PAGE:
The Celtic Camino is a series of pilgrimage routes in Ireland and the UK that are linked to the Camino Inglés in Spain. So you can basically start your Camino in your home country!
But this is not something new. Since the Middle Ages, people have started their Camino from their home country. That’s why different pilgrim’s routes that cross most of Europe are linked to the main Camino trails.
Ports like Ferrol and A Coruna on the northern coast of Galicia were the preferred sailing points for pilgrims arriving from Ireland, England, Scotland and other northern European countries. Then, they would have continued their pilgrimage on foot to Santiago de Compostela.
Even though A Coruna is a traditional starting point, it is only 75km away from Santiago de Compostela so it doesn’t cover the 100km required to obtain the Compostela certificate at the end of the Camino.
Given the close historical connection between the Celtic countries and the Camino Inglés, there is an allowance for starting in the UK or Ireland. The Cathedral of Santiago has agreed to grant a Compostela to people who can prove that they have walked a certified 25km route in their country of origin and then walked the Camino Inglés from A Coruna to get their certificate.
That’s why today you can find different certified walks in Ireland and the UK that are the starting point of the Camino Inglés in Spain.
Celtic Camino from Ireland to A Coruna to Santiago
In Ireland, the Camino Society of Ireland is the organisation in charge of designating new authentic pilgrim’s routes, known as the Celtic Camino.
To be designated as a Celtic Camino, the route must be a minimum of 25km in length. It also needs to have a stamp system in place, so people can get their pilgrim passport stamped at the stops along the Camino.
In addition, the Camino Society gives preference to routes that are linked to a pilgrimage.
How does the Celtic Camino work?
To start the Camino in Ireland you can choose from different Celtic Camino routes already in operation, located in counties like Dublin, Meath, Louth, Mayo, Kerry, Cork, Tipperary and Waterford.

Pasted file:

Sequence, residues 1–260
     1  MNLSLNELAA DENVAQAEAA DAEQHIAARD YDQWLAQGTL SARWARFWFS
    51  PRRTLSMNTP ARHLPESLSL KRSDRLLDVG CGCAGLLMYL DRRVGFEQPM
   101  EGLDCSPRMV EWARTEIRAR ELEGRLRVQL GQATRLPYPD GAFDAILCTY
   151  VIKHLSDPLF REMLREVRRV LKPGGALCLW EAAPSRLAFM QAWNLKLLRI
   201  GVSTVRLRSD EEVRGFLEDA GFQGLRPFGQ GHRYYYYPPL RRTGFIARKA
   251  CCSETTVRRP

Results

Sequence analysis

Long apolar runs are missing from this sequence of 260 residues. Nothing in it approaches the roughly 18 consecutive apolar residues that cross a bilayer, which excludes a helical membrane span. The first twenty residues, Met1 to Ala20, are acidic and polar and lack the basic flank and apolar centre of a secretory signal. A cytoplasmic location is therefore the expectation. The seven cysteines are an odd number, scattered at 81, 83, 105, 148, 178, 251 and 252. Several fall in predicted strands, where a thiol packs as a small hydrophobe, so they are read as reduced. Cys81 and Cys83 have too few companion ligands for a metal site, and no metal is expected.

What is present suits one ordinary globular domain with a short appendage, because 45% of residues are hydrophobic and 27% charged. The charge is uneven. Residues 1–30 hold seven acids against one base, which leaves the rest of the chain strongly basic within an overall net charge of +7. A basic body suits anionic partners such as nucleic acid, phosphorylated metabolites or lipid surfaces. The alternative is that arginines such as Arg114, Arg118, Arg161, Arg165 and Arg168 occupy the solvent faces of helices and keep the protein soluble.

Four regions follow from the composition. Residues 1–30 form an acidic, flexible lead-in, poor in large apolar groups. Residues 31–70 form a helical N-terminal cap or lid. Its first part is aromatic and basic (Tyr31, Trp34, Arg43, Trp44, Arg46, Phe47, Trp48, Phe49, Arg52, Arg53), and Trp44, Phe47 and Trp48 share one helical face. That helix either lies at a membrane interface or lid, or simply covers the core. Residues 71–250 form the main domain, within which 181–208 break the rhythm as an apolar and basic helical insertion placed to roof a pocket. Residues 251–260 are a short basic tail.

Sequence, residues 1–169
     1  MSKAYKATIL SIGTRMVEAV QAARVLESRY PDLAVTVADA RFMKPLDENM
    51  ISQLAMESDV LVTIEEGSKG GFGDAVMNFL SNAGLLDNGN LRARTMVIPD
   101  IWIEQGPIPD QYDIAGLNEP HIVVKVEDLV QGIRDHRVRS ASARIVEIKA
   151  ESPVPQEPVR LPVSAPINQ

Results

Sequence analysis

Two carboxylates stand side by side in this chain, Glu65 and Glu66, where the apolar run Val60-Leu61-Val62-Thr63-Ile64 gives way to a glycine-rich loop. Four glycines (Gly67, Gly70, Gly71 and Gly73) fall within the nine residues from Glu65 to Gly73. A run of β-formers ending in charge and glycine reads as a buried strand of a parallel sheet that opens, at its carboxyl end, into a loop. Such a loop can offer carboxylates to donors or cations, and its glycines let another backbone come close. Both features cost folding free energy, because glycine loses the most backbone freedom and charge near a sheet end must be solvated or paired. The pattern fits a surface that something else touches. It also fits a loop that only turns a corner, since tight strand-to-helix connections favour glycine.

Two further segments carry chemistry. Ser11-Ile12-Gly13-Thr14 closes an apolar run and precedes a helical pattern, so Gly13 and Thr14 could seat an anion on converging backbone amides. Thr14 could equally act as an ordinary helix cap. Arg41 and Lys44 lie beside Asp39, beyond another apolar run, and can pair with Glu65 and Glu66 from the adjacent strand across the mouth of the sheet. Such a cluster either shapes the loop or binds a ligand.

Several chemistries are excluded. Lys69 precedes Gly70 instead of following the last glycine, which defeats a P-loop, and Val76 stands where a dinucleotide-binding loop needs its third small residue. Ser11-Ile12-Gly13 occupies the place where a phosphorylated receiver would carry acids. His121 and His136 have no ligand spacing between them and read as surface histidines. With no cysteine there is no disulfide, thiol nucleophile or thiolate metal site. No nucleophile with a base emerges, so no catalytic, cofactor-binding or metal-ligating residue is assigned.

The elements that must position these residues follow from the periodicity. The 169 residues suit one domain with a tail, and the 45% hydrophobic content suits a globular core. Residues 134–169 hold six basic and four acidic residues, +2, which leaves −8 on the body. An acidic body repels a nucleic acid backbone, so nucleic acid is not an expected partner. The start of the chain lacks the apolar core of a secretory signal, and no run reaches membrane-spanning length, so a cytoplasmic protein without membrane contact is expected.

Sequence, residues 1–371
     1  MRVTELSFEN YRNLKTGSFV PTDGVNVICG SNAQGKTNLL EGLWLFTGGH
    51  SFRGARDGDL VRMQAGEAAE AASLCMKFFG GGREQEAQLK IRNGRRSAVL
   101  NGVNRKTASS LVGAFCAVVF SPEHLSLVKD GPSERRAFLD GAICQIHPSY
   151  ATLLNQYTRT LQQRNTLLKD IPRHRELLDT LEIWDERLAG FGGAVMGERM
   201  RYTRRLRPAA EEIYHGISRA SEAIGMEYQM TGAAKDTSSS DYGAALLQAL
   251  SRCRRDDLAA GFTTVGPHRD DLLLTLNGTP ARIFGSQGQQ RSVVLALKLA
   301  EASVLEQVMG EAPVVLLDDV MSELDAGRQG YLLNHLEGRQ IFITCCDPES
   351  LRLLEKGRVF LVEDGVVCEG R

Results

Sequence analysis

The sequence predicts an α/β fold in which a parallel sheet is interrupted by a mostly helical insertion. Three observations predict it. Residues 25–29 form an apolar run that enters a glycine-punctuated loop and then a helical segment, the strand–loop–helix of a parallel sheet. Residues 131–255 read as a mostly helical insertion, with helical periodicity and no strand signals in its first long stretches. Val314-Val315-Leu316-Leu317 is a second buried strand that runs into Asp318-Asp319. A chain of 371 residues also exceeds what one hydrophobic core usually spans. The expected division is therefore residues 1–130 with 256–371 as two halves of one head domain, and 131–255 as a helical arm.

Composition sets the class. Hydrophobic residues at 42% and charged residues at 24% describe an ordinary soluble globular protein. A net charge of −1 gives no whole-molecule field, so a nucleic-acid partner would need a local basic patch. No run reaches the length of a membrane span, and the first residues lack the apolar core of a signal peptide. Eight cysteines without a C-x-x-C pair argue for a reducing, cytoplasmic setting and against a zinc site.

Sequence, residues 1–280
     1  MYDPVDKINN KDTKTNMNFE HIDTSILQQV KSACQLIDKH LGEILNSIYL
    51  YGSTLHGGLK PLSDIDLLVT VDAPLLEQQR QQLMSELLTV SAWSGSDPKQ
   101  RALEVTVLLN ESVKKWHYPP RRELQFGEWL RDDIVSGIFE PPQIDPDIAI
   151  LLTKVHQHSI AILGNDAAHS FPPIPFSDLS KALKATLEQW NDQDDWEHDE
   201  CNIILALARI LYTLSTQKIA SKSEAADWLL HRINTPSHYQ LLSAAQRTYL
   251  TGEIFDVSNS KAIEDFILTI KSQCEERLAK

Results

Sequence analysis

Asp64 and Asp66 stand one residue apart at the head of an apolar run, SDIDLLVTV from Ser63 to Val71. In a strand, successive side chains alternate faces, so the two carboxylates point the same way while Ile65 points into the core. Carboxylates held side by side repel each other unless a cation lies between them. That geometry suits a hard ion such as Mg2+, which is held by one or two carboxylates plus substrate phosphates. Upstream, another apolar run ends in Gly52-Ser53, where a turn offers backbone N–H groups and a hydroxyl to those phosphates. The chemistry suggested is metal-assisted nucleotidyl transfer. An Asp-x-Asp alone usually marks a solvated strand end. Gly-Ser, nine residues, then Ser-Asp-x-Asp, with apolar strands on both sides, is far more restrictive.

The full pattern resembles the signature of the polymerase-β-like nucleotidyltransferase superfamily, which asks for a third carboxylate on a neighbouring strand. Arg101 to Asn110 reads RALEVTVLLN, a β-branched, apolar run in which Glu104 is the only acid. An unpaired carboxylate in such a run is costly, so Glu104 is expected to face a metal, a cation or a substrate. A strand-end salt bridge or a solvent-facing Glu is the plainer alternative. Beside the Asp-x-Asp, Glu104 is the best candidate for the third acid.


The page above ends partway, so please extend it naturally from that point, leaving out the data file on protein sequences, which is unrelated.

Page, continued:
For that, you need to have an official pilgrim passport to collect the stamps along the way. This passport can be ordered from the Camino Society website. The official regular passport is also valid.
Once you have completed your walk, the next step is to bring the stamped pilgrim passport to the Camino Society information centre, located in Dublin. They will certify that you have walked a 25km route by issuing a free Celtic Camino Compostela. When you’re in Dublin to validate your stamp, don’t miss the St James’s Gate, adjacent to the Guinness brewery door!
Then, when you decide to continue your Camino from A Coruna to Santiago, at the end of your journey you just have to present your pilgrim passport to the Pilgrim’s Office. In addition, you have to present your Celtic Camino Compostela and the stamped passport, and voila! A Compostela certificate will be issued in your name.
Celtic Camino Routes in Ireland
Some of the Celtic Camino routes in Ireland include St. Declan’s Way (part of the Waterford Camino), Kerry Camino, St. Finbarr’s Pilgrim Path, St. Kevin’s Way, Boyne Valley Camino, Bray Coastal Route, Tóchar Phádraig and Croagh Patrick Heritage Trail.
Even though the Celtic Camino routes can be done as self-guided walks, you can also join one of the guided tours organised throughout the year by different organisations.
Distance: 30.5km (19 miles)
Duration: 6-7 hours
Start: Bray seafront to St. James Church, Dublin 8
This walk has several stamp points along the way where people can get their passports stamped. At the start of the walk, people can get their first stamp at Finnbees Coffee House on Bray seafront. Then, the way heads north to the second stamp point located in St. James Church in Crinken, Bray.
The Bray Celtic Camino also passes through the lovely village of Dalkey which offers spectacular views of the coast, as well as ostentatious mansions like the one of U2 lead singer, Bono.